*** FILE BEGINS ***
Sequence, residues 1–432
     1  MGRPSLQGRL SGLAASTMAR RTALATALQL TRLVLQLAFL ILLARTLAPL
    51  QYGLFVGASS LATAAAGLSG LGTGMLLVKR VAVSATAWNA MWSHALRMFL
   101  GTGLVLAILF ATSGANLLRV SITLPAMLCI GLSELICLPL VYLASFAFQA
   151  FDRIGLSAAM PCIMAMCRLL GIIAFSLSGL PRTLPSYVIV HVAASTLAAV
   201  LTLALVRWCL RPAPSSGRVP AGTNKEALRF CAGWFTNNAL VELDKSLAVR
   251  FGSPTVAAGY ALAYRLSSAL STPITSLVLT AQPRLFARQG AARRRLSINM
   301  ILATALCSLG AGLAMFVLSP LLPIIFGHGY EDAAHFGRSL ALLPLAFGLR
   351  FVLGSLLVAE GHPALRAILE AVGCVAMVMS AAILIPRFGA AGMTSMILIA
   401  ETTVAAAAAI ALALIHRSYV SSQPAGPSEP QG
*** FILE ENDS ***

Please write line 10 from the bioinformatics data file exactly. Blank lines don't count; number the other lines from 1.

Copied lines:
   401  ETTVAAAAAI ALALIHRSYV SSQPAGPSEP QG